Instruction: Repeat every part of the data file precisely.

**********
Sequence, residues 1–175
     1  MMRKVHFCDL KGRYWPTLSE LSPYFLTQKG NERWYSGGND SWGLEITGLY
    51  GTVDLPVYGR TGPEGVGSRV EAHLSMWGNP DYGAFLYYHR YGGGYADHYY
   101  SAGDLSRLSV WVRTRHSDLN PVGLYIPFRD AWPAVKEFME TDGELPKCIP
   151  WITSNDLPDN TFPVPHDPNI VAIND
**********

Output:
Sequence, residues 1–175
     1  MMRKVHFCDL KGRYWPTLSE LSPYFLTQKG NERWYSGGND SWGLEITGLY
    51  GTVDLPVYGR TGPEGVGSRV EAHLSMWGNP DYGAFLYYHR YGGGYADHYY
   101  SAGDLSRLSV WVRTRHSDLN PVGLYIPFRD AWPAVKEFME TDGELPKCIP
   151  WITSNDLPDN TFPVPHDPNI VAIND